“I’m not a doctor, but I’m pretty sure if you die of cancer, the cancer also dies at exactly the same time. So that, to me, is not a loss. That’s a draw.”
– Norm Macdonald, Hitler’s Dog, Gossip & Trickery
Last month, the world lost an absolute titan of comedy in Norm Macdonald. The legendary Canadian comedian died of acute leukemia at the age of 61. He was diagnosed with the disease nine years ago, but never told the public, opting instead to only inform close friends and family members.
Although his life was cut short, Norm left an indelible mark on the world of comedy. Known for his deadpan humor, folksy mannerisms, and willingness to take (what many would call ill-advised) risks, Norm’s legacy will live on through his stand-up specials, his work on Saturday Night Live, his movies, and, perhaps most-memorably, his appearances on late-night talk shows.
Norm was, first and foremost, a storyteller. Whatever form his storytelling took, audiences – whether they were laughing hysterically, horrified, or some combination of the two – couldn’t help being utterly enthralled.
And that’s the focus of this blog: storytelling. We could continue trying to wax poetic about Norm and what his comedy meant to the world, but others have already done that far better than we can. Instead, we focus here on three key lessons from Norm’s comedy, and how our digital marketing agency in Bangkok can help you incorporate these principles into your marketing and brand storytelling.
Lesson 1: Never pander
As the host of the Weekend Update segment on NBC’s Saturday Night Live, which is one of the biggest platforms in comedy, Norm was fearless. He routinely had the audience in stitches with his clever, politically-incorrect takes on current events. He also had a penchant for making obscure references, veering into non-sequiturs, and returning time and again to inside-joke punchlines. Sometimes, he constructed elaborate recurring jokes, seemingly more for his own amusement than for the audience’s.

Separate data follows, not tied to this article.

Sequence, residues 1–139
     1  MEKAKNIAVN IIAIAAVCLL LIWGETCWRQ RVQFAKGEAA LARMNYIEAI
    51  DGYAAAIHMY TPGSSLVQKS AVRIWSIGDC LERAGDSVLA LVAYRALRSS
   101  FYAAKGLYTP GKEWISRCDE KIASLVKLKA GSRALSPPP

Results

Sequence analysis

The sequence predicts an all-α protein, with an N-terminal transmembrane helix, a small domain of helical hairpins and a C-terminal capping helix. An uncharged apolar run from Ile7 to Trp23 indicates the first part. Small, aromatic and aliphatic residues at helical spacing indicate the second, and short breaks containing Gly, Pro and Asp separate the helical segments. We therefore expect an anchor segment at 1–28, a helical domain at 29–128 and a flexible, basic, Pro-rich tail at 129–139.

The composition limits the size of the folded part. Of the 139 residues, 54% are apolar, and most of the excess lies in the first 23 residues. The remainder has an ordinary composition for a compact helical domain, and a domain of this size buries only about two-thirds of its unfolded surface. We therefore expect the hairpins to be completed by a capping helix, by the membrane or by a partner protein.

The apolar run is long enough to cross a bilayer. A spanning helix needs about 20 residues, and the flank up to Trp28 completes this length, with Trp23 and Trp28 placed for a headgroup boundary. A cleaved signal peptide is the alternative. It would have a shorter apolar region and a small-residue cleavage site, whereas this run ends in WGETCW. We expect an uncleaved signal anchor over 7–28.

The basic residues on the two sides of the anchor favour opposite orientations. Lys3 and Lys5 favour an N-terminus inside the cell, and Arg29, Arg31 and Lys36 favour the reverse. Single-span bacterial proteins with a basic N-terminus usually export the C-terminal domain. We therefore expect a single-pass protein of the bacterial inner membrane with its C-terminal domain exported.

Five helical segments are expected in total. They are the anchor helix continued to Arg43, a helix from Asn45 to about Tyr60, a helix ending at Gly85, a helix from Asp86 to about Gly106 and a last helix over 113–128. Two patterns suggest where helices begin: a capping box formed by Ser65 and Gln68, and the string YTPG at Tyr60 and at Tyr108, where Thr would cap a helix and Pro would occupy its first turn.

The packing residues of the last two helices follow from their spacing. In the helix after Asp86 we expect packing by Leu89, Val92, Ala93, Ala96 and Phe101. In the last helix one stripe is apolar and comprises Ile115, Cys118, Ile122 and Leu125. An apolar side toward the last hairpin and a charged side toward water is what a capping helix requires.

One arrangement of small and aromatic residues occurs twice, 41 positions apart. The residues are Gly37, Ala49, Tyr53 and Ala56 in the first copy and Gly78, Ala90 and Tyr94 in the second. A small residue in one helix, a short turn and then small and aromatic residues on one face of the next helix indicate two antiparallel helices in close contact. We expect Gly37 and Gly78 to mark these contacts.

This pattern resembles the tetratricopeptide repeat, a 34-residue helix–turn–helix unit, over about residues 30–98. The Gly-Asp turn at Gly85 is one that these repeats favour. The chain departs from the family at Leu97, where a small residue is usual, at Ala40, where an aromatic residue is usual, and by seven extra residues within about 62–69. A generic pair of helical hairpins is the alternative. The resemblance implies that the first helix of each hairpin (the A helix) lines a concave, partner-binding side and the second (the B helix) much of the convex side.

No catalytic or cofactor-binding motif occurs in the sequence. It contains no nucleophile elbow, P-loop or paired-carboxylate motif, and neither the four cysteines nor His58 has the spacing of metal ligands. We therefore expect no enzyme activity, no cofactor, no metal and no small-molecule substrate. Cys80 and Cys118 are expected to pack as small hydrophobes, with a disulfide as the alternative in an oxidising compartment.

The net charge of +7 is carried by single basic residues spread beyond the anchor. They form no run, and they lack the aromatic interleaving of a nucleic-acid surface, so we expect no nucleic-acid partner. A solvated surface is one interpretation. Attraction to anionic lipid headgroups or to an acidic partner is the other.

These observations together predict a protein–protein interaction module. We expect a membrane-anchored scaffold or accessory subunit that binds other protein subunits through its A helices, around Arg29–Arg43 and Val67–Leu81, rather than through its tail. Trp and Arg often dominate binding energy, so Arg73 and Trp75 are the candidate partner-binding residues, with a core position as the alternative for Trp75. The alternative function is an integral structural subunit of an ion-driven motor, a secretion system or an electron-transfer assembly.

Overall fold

If Norm thought something was funny, he committed to it. In the wake of the infamous O.J. Simpson murder trial in the mid-1990s, Norm was ruthless:
Norm’s relentless use of O.J. Simpson as a punchline ruffled many feathers, including those of NBC’s West Coast Division President Don Ohlmeyer, according to rumor. Ohlmeyer was a friend of Simpson’s and had supported him throughout the lengthy court proceedings. Norm was eventually fired from SNL, and many, including Norm himself, believed the O.J. jokes were the main cause for this. Ohlmeyer has since denied the O.J. Simpson connection, stating that a drop in ratings was the true cause for Norm’s dismissal.
Despite all of this, Norm returned to host the show in 1999, only a year and half after his firing. Here, Norm got the last laugh, saying that the reason for him being invited back was that “the show has gotten really bad.”
Of course, we’re not saying that the lesson here is to intentionally upset your audience or publicly ridicule your former bosses – especially in today’s climate where an online backlash can be disastrous. And, we’re not saying that you should publish edgy content for its own sake. But we are saying that one of the best ways to gain a loyal following is to always stay true to yourself.
If you put out content that appeals to the lowest common denominator, you risk alienating your core audience. They don’t want pablum. They want content that respects their intelligence and challenges their assumptions. To be sure, it also helps if you can deliver that content in an original and distinctive manner, which brings us to the next lesson.
Lesson 2: Develop a unique voice
Throughout his long career, Norm was a frequent and favorite guest on the late-night talk show circuit. Guests on these shows usually share amusing anecdotes about their lives. Despite the appearance of spontaneity, the segments are generally highly prepared.